Joseph Beuys

12 May 1921 – 23 January 1986

Joseph Beuys at the Whitechapel in 1972, photograph by Adrian Flowers

In February 1972, Joseph Beuys, by then something of a star in the international art world, visited London to perform Information Action at the Tate and Whitechapel galleries. The work consisted of a lecture and discussion, with Beuys drawing diagrams and cryptic notes on a series of blackboards, a technique that had become his signature trademark. This was far from being his first visit to the UK; two years previously Beuys had collaborated with Richard de Marco on a series of projects in Scotland. He also worked extensively with writer and curator Caroline Tisdall. The three blackboards resulting from the 1972 London event remained for over a decade in the store of the Tate education department, until in 1983, along with a board from a parallel event at the Whitechapel Gallery, they were accessioned into the Tate collection as artworks in their own right. Although in some respects souvenirs, the boards with their chalked diagrams still convey the excitement of the lectures, which were animated by the charismatic personality of Beuys himself. 

A series of photographs, taken by Adrian Flowers at the Whitechapel Gallery in Feb 1972, show Beuys with his characteristic gaunt expression, wearing a grey felt hat with black hatband. His face is lopsided, perhaps as a consequence of injuries received when he served in the German military during WWII. With its armband and brass buttons with crosses, the artist’s coat is also provocative, the red gorget patches on the lapels reminiscent of a military officer. Underneath the coat is visible the fisherman’s vest Beuys invariably wore. Another photograph shows the artist standing on a small balcony, high above the gallery floor, in a pose that again has historical resonances. A third image shows Beuys sitting on the bar of a scaffolding tower. The available props in the Whitechapel gallery space, ladders, towers and steeply raked rooflights, were used effectively, with Beuys becoming an actor in an expressionist stage set.

Joseph Beuys at the Whitechapel in 1972, photograph by Adrian Flowers

At the time of the Tate/Whitechapel event Beuys was head of sculpture at the Dusseldorf Academy, but his unorthodox teaching methods were becoming increasingly controversial, and in October of that year, notwithstanding protests amongst artists and students, he was dismissed. If anything, this increased his fame and, through association with movements such as Fluxus, over the following decade he enjoyed a successful international career, culminating in a retrospective at the Guggenheim in 1979. Seven years later, shortly after winning the Wilhelm Lehmbruck Prize, Beuys died aged 64. Over the decades following, while much of the mystique that had propelled him to the forefront of the international art scene began to ebb, his life, legacy and philosophies continued to fascinate biographers and critics, often eager to tear aside the veil of veneration with which this charismatic artist was regarded by his followers. He certainly mythologised his own life, creating fictional biographical details—such as his having been a Luftwaffe pilot, shot down in the Crimea, and rescued by local nomadic Tartars, who wrapped him in felt and carried him on a sled to a place of safety. These life episodes, heavily embellished rather than invented, were used by Beuys to explain and underpin the meaning of his artworks, especially his sculptures which often incorporated sleds, fur, fat and felt.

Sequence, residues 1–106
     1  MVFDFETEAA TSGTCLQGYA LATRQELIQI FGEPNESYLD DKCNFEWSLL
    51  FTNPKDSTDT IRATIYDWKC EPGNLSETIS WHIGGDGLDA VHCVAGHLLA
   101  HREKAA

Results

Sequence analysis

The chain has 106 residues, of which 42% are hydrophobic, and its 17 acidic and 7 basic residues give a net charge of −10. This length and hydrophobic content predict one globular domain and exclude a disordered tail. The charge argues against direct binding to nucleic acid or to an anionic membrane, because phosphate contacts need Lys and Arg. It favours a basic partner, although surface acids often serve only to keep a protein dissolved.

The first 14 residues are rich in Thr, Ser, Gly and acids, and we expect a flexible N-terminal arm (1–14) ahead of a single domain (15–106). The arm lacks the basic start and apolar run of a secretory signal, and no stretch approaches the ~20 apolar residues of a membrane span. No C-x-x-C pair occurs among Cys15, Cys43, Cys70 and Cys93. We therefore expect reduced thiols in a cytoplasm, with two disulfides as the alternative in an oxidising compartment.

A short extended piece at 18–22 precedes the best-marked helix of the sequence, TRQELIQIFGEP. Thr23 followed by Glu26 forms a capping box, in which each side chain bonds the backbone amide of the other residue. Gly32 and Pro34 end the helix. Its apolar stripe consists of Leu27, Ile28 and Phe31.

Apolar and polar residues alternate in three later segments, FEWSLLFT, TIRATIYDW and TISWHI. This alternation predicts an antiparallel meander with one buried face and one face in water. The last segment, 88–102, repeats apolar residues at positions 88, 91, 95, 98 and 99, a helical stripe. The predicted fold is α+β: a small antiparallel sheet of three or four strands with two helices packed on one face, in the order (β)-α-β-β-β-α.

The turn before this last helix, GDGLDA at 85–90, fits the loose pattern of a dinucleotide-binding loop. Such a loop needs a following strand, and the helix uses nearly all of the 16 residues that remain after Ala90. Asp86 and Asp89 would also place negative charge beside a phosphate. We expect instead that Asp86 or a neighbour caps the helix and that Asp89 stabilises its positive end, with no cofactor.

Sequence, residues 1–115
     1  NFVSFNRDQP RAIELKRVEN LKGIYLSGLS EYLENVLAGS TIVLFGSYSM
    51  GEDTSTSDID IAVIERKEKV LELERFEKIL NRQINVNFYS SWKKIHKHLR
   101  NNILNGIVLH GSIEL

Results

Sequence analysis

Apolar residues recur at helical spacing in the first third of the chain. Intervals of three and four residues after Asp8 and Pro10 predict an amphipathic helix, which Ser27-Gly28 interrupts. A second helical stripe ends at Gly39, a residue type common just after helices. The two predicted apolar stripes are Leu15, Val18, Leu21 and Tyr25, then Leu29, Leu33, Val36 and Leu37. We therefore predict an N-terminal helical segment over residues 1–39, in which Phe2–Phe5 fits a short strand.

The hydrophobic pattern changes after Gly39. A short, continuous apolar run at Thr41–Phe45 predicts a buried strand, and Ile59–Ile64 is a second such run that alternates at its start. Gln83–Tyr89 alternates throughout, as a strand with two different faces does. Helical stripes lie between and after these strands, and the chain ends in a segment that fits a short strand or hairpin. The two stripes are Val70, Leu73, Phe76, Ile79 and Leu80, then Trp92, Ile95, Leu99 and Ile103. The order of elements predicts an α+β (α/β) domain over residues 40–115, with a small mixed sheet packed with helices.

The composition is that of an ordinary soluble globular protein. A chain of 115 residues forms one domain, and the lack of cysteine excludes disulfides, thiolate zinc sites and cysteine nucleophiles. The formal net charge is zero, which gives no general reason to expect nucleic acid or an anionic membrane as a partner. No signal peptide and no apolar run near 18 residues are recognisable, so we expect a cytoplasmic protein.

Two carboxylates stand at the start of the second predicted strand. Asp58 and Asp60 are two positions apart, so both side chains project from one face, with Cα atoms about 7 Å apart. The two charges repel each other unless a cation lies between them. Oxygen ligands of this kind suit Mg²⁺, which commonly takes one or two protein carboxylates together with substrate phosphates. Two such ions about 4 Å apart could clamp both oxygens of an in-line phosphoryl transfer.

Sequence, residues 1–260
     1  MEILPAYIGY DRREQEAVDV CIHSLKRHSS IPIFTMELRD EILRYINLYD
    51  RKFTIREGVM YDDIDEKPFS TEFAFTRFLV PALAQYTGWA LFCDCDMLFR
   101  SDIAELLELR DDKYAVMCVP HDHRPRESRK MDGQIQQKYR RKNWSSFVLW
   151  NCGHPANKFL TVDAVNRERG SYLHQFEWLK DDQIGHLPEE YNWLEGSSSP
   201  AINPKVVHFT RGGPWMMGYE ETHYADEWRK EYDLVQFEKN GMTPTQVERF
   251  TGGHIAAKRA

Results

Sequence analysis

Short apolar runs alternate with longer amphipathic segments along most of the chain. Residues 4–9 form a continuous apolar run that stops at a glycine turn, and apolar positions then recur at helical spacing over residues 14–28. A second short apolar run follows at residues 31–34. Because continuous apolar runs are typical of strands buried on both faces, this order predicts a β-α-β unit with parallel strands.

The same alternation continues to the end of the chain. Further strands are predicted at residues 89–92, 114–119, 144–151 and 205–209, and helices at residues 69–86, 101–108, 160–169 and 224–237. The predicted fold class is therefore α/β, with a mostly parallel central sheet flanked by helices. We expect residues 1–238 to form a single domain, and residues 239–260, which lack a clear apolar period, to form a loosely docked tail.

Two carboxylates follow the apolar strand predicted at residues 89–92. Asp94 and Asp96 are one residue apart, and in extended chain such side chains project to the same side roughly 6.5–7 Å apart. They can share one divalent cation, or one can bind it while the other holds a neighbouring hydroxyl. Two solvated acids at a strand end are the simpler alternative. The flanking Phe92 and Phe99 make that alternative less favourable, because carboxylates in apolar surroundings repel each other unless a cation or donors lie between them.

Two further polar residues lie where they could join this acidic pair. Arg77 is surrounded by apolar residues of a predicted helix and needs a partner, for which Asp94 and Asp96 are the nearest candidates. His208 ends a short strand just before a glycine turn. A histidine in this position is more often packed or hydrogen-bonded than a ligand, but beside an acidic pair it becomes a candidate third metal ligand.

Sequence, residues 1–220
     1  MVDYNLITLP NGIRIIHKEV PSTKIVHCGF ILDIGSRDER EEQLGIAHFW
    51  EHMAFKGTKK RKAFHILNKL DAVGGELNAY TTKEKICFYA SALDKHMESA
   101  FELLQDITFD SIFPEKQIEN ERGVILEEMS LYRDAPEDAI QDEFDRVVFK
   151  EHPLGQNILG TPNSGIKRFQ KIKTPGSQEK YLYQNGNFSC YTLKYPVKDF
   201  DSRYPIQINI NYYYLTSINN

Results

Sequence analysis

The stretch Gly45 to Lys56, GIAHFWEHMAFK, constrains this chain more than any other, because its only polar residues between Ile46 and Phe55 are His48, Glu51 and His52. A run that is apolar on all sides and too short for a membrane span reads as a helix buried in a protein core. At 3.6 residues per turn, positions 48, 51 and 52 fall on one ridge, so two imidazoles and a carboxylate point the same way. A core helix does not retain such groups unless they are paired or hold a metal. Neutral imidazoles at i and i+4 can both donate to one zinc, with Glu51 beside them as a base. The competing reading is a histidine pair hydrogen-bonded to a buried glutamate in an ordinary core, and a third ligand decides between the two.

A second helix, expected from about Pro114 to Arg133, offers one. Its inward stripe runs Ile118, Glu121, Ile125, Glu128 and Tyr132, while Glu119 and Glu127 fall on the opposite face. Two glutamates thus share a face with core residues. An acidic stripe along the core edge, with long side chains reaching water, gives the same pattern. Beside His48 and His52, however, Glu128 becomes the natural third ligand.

As a teenager, Beuys had been a member of the Hitler Youth, had participated in the 1933 Nuremburg Rally, and later served as a radio operator in the Luftwaffe. His plane was indeed shot down in the Crimea, but he was rescued by German troops and saw further military service before the end of the war. In the post-war years, his art was largely based on a simultaneous reverence and revulsion regarding these aspects of his life. Often, albeit without any trace of humour, he brings to mind the fictional character Schwejk, an anti-hero who forms relationships with animals, and finds himself in absurdist situations. In essence however, Beuys’ ideas were not so innovative or revolutionary, but were based on the writings of Nietzsche and Rudolf Steiner, and on the training he received in the late 1940’s under Ewald Mataré at the Dusseldorf Academy. 

Joseph Beuys at the Whitechapel in 1972, photograph by Adrian Flowers

Beuys was an idealist, arguing for a spiritual rebirth for mankind, based on qualities of essential humanity. Drawing on shamanistic traditions, he regarded art, or what he called ‘social sculpture’, as a liberating force that could enact social change. He was often deliberately controversial in his lectures and pronouncements, comparing the suppressing of creativity in people—a consequence of industrialisation—as akin to the extermination policies of the Nazis. An ardent admirer of James Joyce, in the late 1950’s Beuys began work on a series of drawings inspired by the novel Ulysses. At one point, encouraged by the art critic Dorothy Walker, he considered setting up a free university in the Wicklow mountains, near Dublin. His assemblage of works, A Secret Block for a Secret Person in Ireland, is in the Museum of Modern Art at Oxford. He was also a frequent visitor to Scotland, where he collaborated with Richard de Marco on projects relating to Celtic history and legend, that formed part of the Edinburgh Festival. Beuys’s work in the UK and Ireland has been documented by his friend Caroline Tisdall, later art critic for The Guardian, who has also organised exhibitions and published several books on the artist.

Text: Peter Murray

Editor: Francesca Flowers

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Adrian Flowers Archive ©